Performance pay program working, Eagle County School District says
EAGLE, Colorado – The school district spent almost $745,000 in performance bonuses last year to reward employees under the district’s performance pay program.
The district stepped away from a strict salary increase structure 10 years ago. Instead of lock-step salary increases based on years of employment, employees get performance bonuses.
The money helped buy better classroom instruction and teacher improvement, said Dr. Brian Childress, the school district’s human resources director.
The total performance bonuses break out like this:
• $546,826.21 for salaried employees such as teachers and administrators.
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• $199,722.98 for hourly employees.
The bonus amount previously ran between 0 and 8 percent of a teacher’s salary, district officials said. Budget cuts the last few years reduced that amount to 0 to 4 percent of an annual salary.
The average bonus is 2.09 percent of a school district employee’s annual salary, according to the district’s data.
The federal grant ended that had been funding the program.
“It’s a one-time payout this year,” Childress said
It’s money well spent, Childress said.
Teachers are evaluated based on two criteria: 50 percent student achievement assessments, and 50 percent evaluations by master/mentor teachers and principals.
“The tests are about the students, to make sure they’re learning and progressing,” Childress said.
The district evaluated 523 teachers last year, and only 43 fell into the “needs improvement” category. The preponderance of teachers are meeting or exceeding expectations, Childress said
After budget cuts and job losses, they’ll evaluate 496 teachers this year.
“We’re pushing teachers and giving them support,” Childress said. “It’s helping teachers move above the ‘meets expectations’ level. The bell curve is moving to the right.”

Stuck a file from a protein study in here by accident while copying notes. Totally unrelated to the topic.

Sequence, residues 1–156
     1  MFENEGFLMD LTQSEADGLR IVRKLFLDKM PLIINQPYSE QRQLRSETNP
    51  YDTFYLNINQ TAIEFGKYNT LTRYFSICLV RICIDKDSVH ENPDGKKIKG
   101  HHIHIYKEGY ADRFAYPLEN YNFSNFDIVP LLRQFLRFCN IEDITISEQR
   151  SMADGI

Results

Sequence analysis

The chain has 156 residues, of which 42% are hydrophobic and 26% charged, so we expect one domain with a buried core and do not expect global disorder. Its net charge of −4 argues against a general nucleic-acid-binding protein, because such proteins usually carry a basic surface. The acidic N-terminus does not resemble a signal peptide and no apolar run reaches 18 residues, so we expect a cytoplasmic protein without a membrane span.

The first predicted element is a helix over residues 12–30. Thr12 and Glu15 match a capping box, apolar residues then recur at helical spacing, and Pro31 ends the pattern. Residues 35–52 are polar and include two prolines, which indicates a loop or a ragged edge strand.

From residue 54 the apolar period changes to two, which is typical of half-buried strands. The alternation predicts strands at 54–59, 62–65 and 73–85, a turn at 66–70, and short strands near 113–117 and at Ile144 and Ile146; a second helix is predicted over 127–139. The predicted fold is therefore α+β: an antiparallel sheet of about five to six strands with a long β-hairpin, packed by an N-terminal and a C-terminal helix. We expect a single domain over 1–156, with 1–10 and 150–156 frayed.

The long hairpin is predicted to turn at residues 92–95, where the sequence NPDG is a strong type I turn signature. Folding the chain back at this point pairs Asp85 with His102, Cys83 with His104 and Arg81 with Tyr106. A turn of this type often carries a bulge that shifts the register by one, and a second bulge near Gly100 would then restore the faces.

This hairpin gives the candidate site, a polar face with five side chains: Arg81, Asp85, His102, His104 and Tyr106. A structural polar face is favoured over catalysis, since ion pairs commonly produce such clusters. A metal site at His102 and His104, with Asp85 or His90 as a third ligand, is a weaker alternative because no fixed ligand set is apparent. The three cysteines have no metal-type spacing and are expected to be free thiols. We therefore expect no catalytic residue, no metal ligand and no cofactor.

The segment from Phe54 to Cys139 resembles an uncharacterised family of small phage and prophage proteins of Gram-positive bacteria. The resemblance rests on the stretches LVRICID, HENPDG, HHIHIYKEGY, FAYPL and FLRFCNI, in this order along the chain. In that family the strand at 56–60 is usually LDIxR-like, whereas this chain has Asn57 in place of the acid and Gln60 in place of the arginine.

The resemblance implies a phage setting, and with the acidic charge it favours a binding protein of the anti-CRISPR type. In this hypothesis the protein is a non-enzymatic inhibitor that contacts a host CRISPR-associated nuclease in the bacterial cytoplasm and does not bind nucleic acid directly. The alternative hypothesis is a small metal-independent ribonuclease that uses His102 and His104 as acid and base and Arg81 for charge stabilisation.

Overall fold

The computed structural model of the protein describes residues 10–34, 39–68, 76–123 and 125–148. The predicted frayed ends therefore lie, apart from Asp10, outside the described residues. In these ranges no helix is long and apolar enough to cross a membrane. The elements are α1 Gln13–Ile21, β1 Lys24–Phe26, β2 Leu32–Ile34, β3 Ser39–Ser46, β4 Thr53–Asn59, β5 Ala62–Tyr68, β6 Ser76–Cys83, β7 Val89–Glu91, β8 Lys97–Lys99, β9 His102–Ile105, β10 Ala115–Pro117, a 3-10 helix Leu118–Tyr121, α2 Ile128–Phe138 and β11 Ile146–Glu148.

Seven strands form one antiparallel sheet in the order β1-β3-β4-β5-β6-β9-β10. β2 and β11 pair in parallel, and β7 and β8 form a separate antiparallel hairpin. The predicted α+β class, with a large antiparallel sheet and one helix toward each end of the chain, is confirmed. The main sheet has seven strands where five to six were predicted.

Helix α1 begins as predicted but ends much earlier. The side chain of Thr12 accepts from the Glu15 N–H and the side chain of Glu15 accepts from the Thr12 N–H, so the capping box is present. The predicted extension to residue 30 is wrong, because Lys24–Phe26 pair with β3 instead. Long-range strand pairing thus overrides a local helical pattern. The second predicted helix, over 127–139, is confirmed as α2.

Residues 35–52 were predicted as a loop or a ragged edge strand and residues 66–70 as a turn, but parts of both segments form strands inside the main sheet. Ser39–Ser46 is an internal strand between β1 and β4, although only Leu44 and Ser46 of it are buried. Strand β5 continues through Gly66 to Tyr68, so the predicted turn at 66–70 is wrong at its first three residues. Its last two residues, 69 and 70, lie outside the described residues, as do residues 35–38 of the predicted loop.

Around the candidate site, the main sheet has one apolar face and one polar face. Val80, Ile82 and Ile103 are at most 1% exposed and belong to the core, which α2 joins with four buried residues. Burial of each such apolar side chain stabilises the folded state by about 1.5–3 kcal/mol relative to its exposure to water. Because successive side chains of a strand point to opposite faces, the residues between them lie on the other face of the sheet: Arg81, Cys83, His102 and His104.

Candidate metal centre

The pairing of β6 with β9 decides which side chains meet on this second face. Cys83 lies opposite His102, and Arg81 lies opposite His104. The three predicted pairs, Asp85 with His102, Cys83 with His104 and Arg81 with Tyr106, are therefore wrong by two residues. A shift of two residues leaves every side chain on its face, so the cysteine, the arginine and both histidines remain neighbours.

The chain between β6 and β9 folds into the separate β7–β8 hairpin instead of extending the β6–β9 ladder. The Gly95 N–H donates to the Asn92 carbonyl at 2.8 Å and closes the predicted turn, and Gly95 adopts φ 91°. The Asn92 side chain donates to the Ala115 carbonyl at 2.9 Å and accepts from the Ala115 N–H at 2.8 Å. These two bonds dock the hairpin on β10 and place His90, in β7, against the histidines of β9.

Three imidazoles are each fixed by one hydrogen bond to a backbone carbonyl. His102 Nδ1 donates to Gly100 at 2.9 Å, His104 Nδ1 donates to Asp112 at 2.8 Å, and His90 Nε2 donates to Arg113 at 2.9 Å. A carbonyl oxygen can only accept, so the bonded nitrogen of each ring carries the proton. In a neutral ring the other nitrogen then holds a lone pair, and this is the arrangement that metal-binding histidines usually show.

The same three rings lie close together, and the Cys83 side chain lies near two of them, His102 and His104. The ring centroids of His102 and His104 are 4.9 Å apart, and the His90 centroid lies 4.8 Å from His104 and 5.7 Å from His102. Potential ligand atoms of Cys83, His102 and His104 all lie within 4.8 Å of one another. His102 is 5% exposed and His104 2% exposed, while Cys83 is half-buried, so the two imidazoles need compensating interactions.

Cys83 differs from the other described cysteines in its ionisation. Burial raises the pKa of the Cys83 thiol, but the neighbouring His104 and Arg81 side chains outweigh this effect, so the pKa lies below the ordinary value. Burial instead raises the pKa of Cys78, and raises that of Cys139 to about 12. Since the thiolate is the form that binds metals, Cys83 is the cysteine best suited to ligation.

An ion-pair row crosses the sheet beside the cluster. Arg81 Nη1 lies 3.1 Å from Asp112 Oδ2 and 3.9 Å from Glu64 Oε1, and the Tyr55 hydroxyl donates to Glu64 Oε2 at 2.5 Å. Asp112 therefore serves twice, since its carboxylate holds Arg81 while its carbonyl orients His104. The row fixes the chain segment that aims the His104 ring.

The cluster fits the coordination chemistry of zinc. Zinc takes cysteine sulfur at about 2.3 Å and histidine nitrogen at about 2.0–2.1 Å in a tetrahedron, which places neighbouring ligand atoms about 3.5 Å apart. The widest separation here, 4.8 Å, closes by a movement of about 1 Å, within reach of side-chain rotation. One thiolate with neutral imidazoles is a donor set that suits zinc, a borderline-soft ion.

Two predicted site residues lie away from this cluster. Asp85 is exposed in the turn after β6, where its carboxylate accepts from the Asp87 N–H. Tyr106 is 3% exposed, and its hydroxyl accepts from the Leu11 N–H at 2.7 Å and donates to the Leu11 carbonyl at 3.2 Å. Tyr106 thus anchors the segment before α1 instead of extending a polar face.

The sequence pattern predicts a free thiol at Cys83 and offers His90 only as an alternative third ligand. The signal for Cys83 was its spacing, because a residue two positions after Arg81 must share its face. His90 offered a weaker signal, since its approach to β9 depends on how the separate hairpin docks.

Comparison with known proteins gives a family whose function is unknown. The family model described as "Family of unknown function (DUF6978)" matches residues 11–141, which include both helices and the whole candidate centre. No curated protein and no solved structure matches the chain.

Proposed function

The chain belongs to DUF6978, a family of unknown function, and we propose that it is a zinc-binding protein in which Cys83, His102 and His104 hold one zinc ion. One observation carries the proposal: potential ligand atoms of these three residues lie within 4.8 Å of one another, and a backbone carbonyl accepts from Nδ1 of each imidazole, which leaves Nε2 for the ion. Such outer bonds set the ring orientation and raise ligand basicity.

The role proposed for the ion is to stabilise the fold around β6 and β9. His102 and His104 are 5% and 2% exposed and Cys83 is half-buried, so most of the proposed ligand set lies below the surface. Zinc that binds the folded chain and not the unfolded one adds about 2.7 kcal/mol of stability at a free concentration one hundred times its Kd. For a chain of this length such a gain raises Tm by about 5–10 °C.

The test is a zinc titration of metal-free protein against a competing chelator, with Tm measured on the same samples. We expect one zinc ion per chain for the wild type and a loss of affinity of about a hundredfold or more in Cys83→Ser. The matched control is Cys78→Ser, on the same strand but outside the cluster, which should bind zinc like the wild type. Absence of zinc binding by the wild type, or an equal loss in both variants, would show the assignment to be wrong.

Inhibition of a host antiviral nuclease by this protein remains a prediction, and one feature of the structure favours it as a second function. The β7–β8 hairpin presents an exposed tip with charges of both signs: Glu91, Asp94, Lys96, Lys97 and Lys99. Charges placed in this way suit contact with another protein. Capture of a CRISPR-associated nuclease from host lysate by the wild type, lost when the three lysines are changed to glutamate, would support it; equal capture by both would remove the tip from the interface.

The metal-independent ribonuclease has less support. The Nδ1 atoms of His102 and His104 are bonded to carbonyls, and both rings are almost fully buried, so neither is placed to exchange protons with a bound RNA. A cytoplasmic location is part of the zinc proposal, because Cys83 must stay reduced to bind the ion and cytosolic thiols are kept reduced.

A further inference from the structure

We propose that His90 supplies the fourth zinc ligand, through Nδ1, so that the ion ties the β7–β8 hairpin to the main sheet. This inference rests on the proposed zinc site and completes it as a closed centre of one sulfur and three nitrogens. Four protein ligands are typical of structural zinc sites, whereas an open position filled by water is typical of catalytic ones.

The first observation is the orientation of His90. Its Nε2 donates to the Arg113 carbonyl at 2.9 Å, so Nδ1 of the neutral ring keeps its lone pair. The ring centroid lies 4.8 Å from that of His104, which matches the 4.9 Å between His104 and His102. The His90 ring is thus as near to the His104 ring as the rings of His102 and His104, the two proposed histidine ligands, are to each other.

That “meets expectations” level is the middle of the scale on which teachers are graded. No teachers were rated “unacceptable,” Childress said.
The results have to be measured through a value-added model, Childress said. That’s tougher than it seems.
The way most teachers are measured now, the criteria applies to only about 30 percent of teachers, he said.
“It should apply to all teachers,” Childress said.
School districts around the country are trying to measure teacher effectiveness. Some include only student testing and achievement data, while others consider a student’s socio-economic conditions, Childress said.
“How can we record it and how can we reward it?” Childress asked.
Avon Elementary School’s test scores will record growth because of where those students tend to start, said Mike Gass, an administrator with the school district. Brush Creek, on the other hand, will not appear to see such growth because they’re already mostly proficient and advance, Gass said.
“They’re both equally significant,” Childress said.
The Colorado state Legislature made teacher performance evaluations the law last session when it passed House Bill 191. The law mandates teacher effectiveness and requires that it be measured. If teachers don’t measure up three years in a row, they lose their tenure, Childress said.
Eagle County started down this road with a grant from the Milken Foundation at about the same time the school board installed the Teacher Advancement Program. Installing the business model was problematic. Childress said that before long, it was in “meltdown.”
“We got out of it with teacher collaboration and input,” Childress said.
A federal grant kept the program funded. That grant ended this year.
But it gave them time to put together the system they have now, which Childress says is working.
“TAP got a bad name because it was forced on teachers. It’s more collaborative now, and teacher input is a vital part of it,” Childress said.